05.09.2009 - 08.09.2009 30 °C
The Bridge of Friendship closed, I had to travel further north and cross the river back from Uruguay into Argentina at the Paysandú-Colón bridge. In Colón bus terminal, I was immediately informed that I was being poisoned by that Uruguayan paper factory...
'Which red zone are you in? No to paper mills! For our children and grandchildren, join the resistance today! Don't let them oppress us any longer. Be part of history.'
That's actually what the sign says.
I was making my way across Argentina to Posadas, hoping to cross into Paraguay for a few days. I found myself in the province of Corrientes in northern Argentina, a land of small peaceful towns, cattle ranching, gauchos (cowboys) and constant mate consumption. Useful buses ran only once daily, so progress was slow, but an unplanned stay in the town of Mercedes (pop 30,000) and a stroke of good luck led to a very entertaining few days.
I bumped into a couple of other British backpackers, and the three of us traipsed the streets of Mercedes looking for something to do. We found only a nightclub where the average age of attendees must have been 15. As in small towns everywhere in this continent, the principal nighttime activity for everyone old enough to own a vehicle consisted of driving round and round the city streets, an incessant noisy carousel of mopeds, bicycles and beaten-up cars.
Wandering down a side street, a small car with approximately 8 occupants pulled up in front of us. The face of the affable César Armando Romero Galfrascoli beamed out at us and asked us if we wanted to go for a beer.
César and his extraordinarily friendly group of pals were all of a similar age to us, and working or studying in Mercedes. They devoted the next couple of days to entertaining the three of us Brits. By happy coincidence, we had arrived in town the day of the annual fería rural, featuring rural produce, cowboy skills, fairground rides and general shindiggery.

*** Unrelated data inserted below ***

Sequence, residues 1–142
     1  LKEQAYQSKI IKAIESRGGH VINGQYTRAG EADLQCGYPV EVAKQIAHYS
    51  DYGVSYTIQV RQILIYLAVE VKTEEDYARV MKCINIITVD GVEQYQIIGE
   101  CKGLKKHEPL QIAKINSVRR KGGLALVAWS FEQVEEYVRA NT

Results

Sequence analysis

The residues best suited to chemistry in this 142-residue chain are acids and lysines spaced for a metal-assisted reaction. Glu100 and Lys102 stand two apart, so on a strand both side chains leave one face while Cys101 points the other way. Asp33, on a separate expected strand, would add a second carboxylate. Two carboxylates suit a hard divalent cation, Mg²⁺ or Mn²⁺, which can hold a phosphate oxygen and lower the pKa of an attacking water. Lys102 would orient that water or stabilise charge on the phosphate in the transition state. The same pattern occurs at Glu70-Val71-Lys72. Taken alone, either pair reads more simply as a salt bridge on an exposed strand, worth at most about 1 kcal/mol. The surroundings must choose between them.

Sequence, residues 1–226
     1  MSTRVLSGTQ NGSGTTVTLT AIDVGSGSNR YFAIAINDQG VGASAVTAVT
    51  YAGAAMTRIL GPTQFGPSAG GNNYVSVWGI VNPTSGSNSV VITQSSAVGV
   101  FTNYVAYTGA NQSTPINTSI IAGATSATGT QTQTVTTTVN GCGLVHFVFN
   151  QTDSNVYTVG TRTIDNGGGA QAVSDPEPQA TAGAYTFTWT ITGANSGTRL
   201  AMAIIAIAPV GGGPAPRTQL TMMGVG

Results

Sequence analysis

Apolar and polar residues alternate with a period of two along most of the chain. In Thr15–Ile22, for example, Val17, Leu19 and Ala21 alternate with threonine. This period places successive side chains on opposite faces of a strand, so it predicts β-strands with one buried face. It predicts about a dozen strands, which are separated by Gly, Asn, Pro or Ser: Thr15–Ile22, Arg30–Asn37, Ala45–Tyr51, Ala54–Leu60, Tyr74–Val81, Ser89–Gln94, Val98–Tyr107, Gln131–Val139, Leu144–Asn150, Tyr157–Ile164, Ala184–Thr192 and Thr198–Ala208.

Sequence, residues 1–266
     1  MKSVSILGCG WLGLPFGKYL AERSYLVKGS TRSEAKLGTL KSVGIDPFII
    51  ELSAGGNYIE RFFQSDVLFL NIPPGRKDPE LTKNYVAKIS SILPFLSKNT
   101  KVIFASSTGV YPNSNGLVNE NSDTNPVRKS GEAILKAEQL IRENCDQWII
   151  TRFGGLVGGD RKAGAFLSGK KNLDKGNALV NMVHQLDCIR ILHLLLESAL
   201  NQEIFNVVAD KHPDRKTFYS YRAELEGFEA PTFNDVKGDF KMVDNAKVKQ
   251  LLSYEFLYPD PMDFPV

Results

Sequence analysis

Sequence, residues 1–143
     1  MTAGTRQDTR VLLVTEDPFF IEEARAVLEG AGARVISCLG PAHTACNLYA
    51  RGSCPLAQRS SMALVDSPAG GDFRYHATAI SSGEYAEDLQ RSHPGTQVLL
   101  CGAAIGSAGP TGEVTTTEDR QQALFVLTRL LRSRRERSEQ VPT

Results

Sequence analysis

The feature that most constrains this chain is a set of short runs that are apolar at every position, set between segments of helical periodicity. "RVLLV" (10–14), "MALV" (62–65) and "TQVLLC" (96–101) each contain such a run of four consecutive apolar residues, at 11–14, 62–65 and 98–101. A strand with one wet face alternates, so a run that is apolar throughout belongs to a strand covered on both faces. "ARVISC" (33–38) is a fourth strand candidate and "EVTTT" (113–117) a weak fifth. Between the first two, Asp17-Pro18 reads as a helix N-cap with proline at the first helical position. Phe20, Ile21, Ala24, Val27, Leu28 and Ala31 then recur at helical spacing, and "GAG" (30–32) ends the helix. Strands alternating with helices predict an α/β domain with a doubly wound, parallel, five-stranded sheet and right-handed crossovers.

A prize cow:
Sheep with not-so-subtle reminders of their eventual fate:
An Argentinian-style mixed grill, with whole sides of ribs, steaks, sausages, blood sausage, intestines and other nasties:
At last we were inducted into the ways of mate drinking: the ritual of preparation.
The box of yerba de mate and sugar, that along with a thermos of water, a small pot of herbal seasoning, gourd and straw, formed Diana's take-anywhere mate kit.
Claudio drinking mate:
Chipa, the ideal accompaniment to mate: a delicious bread ball made from yucca flour, milk, cheese, eggs and butter.
As only seems to happen after I've had a few drinks, I went on a souvenir spree, buying my own mate gourd and straw, and a silly hat...
Only later did I discover to my distress that my gourd was covered with capybara skin. Poor furry critter! On a related note, I was directed the following morning to Mercedes' jardín zoológico, or zoo, an attraction that is seemingly a matter of local pride. There I was surprised to find that the 'zoo' was situated in a huge fenced yard that housed garbage trucks and other assorted vehicles used to maintain the municipality. The animals, including rabbits, deer, ducks and geese happily mingled in, milling contentedly around a lake that had been dug for them. It's the cutest zoo I've ever seen. And best of all...
And what visit to northern Argentina would be complete without a visit Yacyretá dam? A joint endeavour between the governments of Argentina and Paraguay, and spanning the border between the two countries, the construction of the hydroelectric plant ran way over budget, and it still isn't finished. Some slate the project as a 'monument to corruption'. They seem to have spent half the money on the swanky visitors' centre and its 360° cinema that shows a montage of inspiring and heart-warming images accompanied by an impossibly bombastic voiceover. Still it was pretty cool to look around.
The 20 turbines inside, each as wide as the length of a bus: